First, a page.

Saturday, April 17, 2010

Haiti ... three months after the earthquake and it seems relief now totally out of control

The Haiti Earthquake Disaster Relief (HEDR) LinkedIn group coordinator has summarized a very large amount of recent data flow as follows:
There are MANY problems illuminated by the Sitreps, and what we can see by comparing one to the next, within a cluster, and similar info between two or more clusters. For some of these problems, it is not yet clear, how the relief effort got into a particular situation, or what exactly they are talking about.
  • Data quality ... here we are 3 months into the relief effort, and what changes from week to week are astronomical changes in the #s of people to be served and microscopic changes in the #s actually served.
  • Future Protection ... one of the areas it seems no one has a good grasp of, are the #s of people in harms way from the rainy season ... is it 40,000 or 400,000 or ... and NOTHING done yet to protect them from Hurricane Season, other than identification 2 months ago of land tenure problems not yet resolved
  • Not so much WASH, but some other reports I recently shared ... people and debris get shuffled around ... a place is established to dump them, enormous effort is expended to fix it up, then they all get kicked out, demolish it, start over, and whatever started over is considered to be temporary. No one knows when it will be recycled. Legal documents are not honored by legal authorities.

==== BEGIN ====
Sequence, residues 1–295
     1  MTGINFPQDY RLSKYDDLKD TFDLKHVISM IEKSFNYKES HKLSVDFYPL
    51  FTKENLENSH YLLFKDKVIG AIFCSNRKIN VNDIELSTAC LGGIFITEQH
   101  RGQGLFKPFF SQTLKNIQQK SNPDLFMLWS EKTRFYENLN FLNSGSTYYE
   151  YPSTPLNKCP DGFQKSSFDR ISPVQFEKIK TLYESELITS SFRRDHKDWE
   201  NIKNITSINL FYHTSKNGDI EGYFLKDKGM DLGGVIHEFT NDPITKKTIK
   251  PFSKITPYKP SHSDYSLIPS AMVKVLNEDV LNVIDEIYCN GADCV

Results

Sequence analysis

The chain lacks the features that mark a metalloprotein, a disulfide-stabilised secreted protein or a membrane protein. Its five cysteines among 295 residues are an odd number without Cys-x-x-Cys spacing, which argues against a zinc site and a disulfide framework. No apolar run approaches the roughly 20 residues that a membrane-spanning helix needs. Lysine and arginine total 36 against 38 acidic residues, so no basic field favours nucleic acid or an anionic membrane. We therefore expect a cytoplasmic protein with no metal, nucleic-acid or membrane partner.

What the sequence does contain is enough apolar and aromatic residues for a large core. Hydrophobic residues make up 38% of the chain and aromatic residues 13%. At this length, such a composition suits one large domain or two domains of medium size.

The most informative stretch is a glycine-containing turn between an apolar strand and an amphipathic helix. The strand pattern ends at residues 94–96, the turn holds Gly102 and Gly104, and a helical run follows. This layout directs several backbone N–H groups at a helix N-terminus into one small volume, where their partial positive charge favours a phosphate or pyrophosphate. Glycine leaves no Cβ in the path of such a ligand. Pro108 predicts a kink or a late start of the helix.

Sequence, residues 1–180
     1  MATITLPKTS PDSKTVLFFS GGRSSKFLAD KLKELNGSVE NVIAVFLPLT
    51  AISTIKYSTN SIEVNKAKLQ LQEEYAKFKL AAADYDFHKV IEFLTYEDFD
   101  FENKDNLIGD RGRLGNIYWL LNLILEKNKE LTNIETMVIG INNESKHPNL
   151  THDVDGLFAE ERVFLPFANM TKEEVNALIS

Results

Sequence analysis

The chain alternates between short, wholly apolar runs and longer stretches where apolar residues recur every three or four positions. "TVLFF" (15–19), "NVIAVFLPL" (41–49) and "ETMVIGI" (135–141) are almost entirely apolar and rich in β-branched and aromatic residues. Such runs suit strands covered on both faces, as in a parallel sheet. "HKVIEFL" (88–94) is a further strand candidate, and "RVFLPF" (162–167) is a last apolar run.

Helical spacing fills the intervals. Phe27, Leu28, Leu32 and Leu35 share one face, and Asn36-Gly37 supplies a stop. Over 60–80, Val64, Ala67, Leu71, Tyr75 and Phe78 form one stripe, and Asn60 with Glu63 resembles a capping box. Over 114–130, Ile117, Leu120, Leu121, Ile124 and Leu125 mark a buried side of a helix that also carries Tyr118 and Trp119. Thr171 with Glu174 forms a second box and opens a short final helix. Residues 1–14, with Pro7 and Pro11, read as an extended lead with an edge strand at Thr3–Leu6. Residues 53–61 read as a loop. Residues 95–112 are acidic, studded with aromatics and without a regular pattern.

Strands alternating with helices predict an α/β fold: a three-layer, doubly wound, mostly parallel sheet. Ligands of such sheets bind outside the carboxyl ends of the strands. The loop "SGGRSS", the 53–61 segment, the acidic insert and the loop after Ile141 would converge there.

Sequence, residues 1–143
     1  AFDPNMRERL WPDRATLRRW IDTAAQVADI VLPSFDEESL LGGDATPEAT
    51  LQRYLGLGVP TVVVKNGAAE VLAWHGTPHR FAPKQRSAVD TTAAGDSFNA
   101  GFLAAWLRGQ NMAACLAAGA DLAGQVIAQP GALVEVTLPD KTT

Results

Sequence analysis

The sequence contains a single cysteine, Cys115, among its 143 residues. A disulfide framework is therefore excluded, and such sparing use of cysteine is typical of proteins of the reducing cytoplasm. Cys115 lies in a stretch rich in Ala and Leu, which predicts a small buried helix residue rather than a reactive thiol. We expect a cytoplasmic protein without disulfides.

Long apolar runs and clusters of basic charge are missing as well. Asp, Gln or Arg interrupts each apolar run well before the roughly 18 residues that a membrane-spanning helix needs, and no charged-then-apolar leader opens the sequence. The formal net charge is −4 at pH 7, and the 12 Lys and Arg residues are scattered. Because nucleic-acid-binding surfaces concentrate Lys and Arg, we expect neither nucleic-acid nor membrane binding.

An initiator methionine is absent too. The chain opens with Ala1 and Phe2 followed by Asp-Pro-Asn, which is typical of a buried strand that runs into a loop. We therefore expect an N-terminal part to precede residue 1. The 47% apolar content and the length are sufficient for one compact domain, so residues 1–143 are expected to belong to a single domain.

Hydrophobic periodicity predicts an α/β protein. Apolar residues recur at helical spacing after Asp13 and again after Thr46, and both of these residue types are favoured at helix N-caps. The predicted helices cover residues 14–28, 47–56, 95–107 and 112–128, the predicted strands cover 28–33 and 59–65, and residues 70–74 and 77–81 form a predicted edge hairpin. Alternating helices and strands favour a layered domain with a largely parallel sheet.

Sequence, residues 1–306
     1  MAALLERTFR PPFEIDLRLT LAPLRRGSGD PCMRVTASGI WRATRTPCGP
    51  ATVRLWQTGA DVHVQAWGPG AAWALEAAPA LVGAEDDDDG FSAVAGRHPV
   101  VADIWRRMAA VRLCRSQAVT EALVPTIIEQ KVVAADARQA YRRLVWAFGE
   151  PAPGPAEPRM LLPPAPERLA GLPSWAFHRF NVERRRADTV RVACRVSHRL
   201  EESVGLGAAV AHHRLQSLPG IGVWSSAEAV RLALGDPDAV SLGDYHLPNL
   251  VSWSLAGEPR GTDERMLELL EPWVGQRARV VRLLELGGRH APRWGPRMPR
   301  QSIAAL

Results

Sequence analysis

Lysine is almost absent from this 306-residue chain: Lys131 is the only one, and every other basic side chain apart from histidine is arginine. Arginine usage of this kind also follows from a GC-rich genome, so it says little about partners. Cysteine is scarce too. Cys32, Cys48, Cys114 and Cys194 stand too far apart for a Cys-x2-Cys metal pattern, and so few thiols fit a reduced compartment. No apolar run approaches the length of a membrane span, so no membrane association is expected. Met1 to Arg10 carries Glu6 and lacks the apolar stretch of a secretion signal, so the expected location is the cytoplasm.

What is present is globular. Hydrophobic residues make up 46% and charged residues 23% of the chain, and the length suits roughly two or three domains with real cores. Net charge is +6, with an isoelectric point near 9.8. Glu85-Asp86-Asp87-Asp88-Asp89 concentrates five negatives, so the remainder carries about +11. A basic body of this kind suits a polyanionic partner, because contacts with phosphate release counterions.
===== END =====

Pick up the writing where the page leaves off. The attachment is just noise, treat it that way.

• The latest WASH Sitrep speaks of "... the lack of an overall humanitarian strategy presents great dilemmas for agencies of how much and how to invest in current camps. "
  • There are official (UN+govs) red zones, where the military and police prevent aid from reaching the people in those zones. I have never seen an explanation for this which makes any kind of sense to me.
  • There are the civil society (land owner manager) red zones, where any aid supplied to quake survivors is regularly destroyed or sabotaged by local authorities or property managers, and/or the land owners demand to be paid $$$ in return for letting the relief workers in to help the victims.
  • There are the NGO red zones, where the security situation (criminals and other reasons) is so bad, no volunteers will consent to going in there.
  • Many relief efforts have had to shut down because the funds have run out.
  • Many more are at risk of following them out.
  • It has been known for over a month that there is a need to transfer funds from where there is an excess not being expended, to support underfunded operations. There is only microscopic evidence of anything being done about that.
Separately I have been in contact with a lot of individuals and organizations that are associated with activities in Haiti since the earthquake and it is clear that the emergency management situation has deteriorated catastrophically. It seems that there is nobody in charge and no accountability for anything of substance. I am reminded of previous experience I have had working with UNHCR (the High Commission for Refugess) and UNDP (the development program) where UNHCR was able to do amazing things quickly and UNDP struggled to do quite simple things and took for ever!